Art Basel Miami Beach

"Auto Body" Takes On Gender Inequality in the Art World (NSFW)

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All the works are ephemeral and cannot be turned into a commodity to be purchased, owned or dealt. Tami Katz-Freiman, an independent curator and the former chief curator of the Haifa Museum of Art, is one of four women who are "Auto Body's" curatorial committee.

"'Auto Body's' mission is to exhibit innovative and alternative work that departs from the object-based driven market highly saturated during Miami Art Week," she notes. "The idea to focus on time-based practices as an alternative to an object-driven market during Basel week fascinated me, and the fact that it's a 100 percent non-commercial project shown during one of the most prominent art fairs in the world, at a time when the underrepresentation of women is still most apparent captured me, as well as the other curators involved."

Through format, principals and content, "Auto Body" will bring attention to issues with art on various levels in what looks to be a far-reaching survey that will prove to be one of Miami Art Week's essential experiences. Though no one will come out with an object or a receipt, the curators and artists hope they will have expanded minds. Brandi Reddick, a co-curator of "Auto Body" and Artists Manager at Miami-Dade County Art in Public Places, says, "I hope the project will be viewed as an examination of the way we think about gender and equality, to equally challenge both male and female viewers to begin thinking about the future of women in power, not just as a concept but in practice."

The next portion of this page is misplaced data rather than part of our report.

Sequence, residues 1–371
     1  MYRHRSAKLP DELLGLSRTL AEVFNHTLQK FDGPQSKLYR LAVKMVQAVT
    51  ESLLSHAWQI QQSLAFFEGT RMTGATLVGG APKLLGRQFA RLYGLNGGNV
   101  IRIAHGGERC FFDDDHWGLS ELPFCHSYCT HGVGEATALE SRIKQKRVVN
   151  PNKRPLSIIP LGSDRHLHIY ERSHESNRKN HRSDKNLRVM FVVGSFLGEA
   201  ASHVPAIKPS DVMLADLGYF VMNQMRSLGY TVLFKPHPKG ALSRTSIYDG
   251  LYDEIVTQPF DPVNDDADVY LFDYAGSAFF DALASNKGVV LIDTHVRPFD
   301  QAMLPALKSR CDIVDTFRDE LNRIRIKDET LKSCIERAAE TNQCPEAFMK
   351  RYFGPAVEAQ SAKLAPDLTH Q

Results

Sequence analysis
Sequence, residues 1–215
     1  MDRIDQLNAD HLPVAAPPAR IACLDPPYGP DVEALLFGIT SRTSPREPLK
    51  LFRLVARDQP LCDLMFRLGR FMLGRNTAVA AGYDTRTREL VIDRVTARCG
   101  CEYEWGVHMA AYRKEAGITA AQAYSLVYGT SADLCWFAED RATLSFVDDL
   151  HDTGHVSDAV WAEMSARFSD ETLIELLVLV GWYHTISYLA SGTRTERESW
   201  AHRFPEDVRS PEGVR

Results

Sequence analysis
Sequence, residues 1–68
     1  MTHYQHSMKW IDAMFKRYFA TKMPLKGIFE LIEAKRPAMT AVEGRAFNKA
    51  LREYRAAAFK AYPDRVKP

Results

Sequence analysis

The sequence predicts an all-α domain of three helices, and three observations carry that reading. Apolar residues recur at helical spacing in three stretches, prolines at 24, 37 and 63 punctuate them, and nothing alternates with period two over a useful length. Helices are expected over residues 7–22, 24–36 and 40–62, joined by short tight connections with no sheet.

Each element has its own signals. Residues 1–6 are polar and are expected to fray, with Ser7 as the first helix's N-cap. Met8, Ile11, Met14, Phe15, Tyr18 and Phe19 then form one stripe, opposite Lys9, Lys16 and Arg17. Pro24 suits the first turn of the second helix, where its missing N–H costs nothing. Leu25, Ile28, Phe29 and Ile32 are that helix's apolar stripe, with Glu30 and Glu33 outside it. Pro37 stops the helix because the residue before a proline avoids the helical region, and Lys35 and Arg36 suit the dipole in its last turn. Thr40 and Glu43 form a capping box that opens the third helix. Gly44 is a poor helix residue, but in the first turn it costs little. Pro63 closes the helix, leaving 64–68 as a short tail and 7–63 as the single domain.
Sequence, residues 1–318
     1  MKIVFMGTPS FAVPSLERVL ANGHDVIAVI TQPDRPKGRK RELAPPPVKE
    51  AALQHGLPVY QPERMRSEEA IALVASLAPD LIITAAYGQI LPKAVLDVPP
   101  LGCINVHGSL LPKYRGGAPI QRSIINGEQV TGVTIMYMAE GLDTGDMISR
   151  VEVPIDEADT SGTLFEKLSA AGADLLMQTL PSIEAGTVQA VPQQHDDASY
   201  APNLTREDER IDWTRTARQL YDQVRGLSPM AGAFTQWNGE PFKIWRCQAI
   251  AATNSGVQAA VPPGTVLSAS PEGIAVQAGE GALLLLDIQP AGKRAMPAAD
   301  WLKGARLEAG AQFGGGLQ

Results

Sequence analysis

The exhibition will unfold in the cavernous 7,500 square-foot space that once housed the Giant Motors: Auto Body & Paint Shop (1750 Bay Road, Miami Beach) or "the male domain," as Katz-Freiman likes to refer to it. There's dance, live music, a radio show, performance art, and videos. Thirty-three female artists are participating, and a curatorial platform of 25 women nominated the works, with the final works selected by the curatorial committee including Ximena Caminos (director/chief curator, Faena Art Buenos Aires and Faena Forum Miami Beach) and Chana Budgazad Sheldon (executive director, Locust Projects).

So the men who once ran Giant Motors for decades have moved on and now the women have come to create.

"This multi-generational scope of artists that has been selected to 'Auto Body' bring the gender issues to the front stage and examine a diverse scope of themes characterized as the forth or even fifth wave of feminism," says Katz-Freiman. "Among these issues [are] gender inequalities within the systems of the art world, new identity constructions, sexuality and the male gaze, tensions of border and immigration politics existing on opposite sides of the globe, subversive relations to 'nature/culture' dichotomy, categorization conventions, stereotypes relating division of labor and domesticity, as well as subversive feminist statements about Art History, which was always male-dominant. Works that deal with endurance will also be part of the performance program."

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Hans Morgenstern has contributed to Miami New Times for too many decades, but he's grown to love Miami's arts and culture scene because of it. He is the chair of the Florida Film Critics Circle, and most of his film criticism can be found on Independent Ethos (indieethos.com) if not in New Times.